One of the several arguments that Southeastern archaeologists have used to dismiss a direct cultural connection between the Southeastern United States and Mesoamerica is that architecture of the respective regions was different. 1 The architecture of the largest and most sophisticated Maya cities WAS more sophisticated and larger scaled than in towns in the Southeast, but the same architectural elements could be found in both regions. The Mesoamerican pyramids were really earthen mounds veneered with stone in some civilizations, left as clay stuccoed mounds in others.
The temples in both regions mimicked earlier residential structures that sat on the earliest platform mounds in both regions. Stone structures have been recently identified in several town sites in northern Georgia. Stone veneered mounds are also found in that region. Meanwhile, earthen pyramids are quite common in northern Mexico and along the Gulf Coast in regions, where there are few surface stones.
The U-shaped ball courts at Ortona and in several other locations in Georgia are very similar to the U-shaped ball courts of Tabasco State, lowland Chiapas and southern Vera Cruz.
Shells were used in lieu of stones for veneering several structures at Ortona and many other towns in Southern Florida. This practice was also utilized along the coast of Mexico and northern South America.
Cutting profiles through the existing terrain of the main mound, the archaeologists realized that an earlier mound had been constructed in a similar form. 2 Additional soils and a stucco of burnt lime shells and clay had been added to enlarge it. Most of the outer stucco had eroded, thus exposing the sandy soil to erode irregularly. Indeed, this was a ceremonial structure very different than others that were known.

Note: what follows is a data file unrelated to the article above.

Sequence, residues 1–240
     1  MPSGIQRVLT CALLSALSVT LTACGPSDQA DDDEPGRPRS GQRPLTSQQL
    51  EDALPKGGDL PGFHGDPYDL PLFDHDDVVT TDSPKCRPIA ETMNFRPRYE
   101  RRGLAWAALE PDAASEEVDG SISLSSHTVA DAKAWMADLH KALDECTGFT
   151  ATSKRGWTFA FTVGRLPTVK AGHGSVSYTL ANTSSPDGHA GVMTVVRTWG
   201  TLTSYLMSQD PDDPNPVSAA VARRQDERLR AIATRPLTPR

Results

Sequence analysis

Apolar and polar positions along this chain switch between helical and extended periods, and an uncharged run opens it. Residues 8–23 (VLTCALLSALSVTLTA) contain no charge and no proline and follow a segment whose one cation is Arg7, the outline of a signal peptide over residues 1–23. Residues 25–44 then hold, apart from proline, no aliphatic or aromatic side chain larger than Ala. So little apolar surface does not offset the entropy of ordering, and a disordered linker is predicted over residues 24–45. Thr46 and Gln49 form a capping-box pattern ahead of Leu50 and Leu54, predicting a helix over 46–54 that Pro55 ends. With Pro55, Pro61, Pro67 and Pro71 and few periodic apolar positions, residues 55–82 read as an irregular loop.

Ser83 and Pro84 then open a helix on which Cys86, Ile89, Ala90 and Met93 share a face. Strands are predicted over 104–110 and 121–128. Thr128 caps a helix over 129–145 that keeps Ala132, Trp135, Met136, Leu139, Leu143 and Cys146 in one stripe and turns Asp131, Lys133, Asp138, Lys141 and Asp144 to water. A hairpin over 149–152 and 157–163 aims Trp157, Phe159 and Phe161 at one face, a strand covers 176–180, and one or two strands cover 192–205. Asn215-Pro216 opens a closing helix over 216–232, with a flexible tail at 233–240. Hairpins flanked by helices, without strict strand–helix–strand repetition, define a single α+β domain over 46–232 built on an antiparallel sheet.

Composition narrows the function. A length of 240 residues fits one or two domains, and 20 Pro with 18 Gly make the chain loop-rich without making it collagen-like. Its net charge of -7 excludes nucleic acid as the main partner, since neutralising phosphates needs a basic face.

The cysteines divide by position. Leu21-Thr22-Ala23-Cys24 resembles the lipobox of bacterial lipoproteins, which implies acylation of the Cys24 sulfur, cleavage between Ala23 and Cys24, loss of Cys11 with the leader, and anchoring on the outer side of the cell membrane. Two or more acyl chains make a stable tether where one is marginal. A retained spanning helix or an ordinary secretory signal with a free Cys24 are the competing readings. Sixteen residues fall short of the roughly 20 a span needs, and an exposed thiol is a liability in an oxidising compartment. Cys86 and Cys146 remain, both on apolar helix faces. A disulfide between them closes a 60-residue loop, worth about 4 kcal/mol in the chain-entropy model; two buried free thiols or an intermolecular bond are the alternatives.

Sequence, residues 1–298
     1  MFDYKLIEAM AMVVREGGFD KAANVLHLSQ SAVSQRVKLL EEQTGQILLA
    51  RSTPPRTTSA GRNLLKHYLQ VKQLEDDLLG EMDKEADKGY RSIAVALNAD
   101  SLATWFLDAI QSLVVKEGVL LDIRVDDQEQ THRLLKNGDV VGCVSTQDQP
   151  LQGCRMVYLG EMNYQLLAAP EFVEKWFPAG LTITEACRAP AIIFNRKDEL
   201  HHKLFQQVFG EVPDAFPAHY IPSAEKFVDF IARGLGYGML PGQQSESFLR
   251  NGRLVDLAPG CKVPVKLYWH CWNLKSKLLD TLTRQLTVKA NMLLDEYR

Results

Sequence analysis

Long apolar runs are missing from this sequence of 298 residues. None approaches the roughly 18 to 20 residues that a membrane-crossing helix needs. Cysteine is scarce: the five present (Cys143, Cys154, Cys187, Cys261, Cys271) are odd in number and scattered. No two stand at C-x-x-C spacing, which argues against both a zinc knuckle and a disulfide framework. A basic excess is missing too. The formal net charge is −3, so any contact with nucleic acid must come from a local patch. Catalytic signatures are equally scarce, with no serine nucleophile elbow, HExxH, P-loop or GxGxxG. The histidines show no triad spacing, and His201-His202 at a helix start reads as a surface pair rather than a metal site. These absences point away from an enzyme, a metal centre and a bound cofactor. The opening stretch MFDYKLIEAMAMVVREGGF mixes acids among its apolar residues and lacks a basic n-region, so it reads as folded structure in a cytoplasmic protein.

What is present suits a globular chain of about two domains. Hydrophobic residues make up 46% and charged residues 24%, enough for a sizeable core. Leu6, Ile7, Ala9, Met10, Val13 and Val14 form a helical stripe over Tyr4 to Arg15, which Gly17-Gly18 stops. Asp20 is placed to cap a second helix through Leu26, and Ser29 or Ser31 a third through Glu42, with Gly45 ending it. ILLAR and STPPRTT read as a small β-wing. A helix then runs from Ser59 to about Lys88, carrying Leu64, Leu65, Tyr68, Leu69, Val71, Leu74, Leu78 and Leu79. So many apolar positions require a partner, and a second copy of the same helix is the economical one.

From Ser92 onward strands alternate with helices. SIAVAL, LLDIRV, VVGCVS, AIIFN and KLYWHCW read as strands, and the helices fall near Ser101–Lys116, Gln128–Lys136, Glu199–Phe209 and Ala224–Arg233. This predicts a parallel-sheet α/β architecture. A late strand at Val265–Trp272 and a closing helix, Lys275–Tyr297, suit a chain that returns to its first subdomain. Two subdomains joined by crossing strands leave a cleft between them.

The presence of lime stucco is highly significant. Many archaeological references state that the Southeastern Native Americans did not know how to make lime stucco and only used clay stucco. The statement is then used as one of the arguments against a Mesoamerican presence in the Southeast. This prevalent belief contradicts history and at least one archaeological site report – Ortona.
During the late 1500s, Spanish explorers observed crushed shell, lime stucco on the buildings of the Wahale (Guale in Spanish) along the coast of Georgia. 3 It was also seen upstream along the Altamaha River on the buildings of the Tamatli in the Province of Tama. In 1783, Lt. Henry Timberlake observed crushed shell-lime stucco on the houses of the Tamatli, who had joined the Cherokee Alliance. 3
The Great Temple of the moon goddess, Ixchel
The larger of the twin mounds was oval and appears to have reached its final form between 700 AD and 900 AD. 2 After 900 AD political power shifted eastward to the more compact town of Wakata. The town at Ortona continued to thrive and grow for another 250 years, but few large ceremonial structures were built there after 900 AD.
Oval mounds are very usual in the United States, except in the areas of the Southeast, once occupied by the ancestors of Creek Indians – Georgia, South Carolina, western & south central North Carolina and southeastern Tennessee. During the Late Mississippian Phase, known as the Lamar Culture in Proto-Creek regions, the largest temple in each town was typically an oval and oriented to the Summer Solstice.
There was a small oval mound (Lesser Temple Mound) built near the northeastern edge of the Great Temple Mound at Ocmulgee National Monument (Macon, GA) around 925 AD. 4 Mound B at Etowah Mounds National Landmark Cartersville, GA, a platform for a royal residence begun around 1250 AD, was also oval. However, the oval shape was not seen much otherwise until around 1375 AD, when Etalwa (Etowah Mounds) was apparently attacked and burned. Thereafter, virtually all major mounds were oval in the former Creek Homeland.